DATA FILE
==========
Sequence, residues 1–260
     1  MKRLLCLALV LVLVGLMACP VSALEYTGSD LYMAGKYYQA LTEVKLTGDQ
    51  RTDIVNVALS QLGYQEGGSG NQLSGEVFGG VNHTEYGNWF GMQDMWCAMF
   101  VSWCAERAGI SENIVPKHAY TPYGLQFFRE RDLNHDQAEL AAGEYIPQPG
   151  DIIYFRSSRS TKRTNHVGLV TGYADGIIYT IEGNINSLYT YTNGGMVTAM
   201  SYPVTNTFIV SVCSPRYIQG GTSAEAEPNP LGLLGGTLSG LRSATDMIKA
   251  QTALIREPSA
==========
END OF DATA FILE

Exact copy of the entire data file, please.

Sequence, residues 1–260
     1  MKRLLCLALV LVLVGLMACP VSALEYTGSD LYMAGKYYQA LTEVKLTGDQ
    51  RTDIVNVALS QLGYQEGGSG NQLSGEVFGG VNHTEYGNWF GMQDMWCAMF
   101  VSWCAERAGI SENIVPKHAY TPYGLQFFRE RDLNHDQAEL AAGEYIPQPG
   151  DIIYFRSSRS TKRTNHVGLV TGYADGIIYT IEGNINSLYT YTNGGMVTAM
   201  SYPVTNTFIV SVCSPRYIQG GTSAEAEPNP LGLLGGTLSG LRSATDMIKA
   251  QTALIREPSA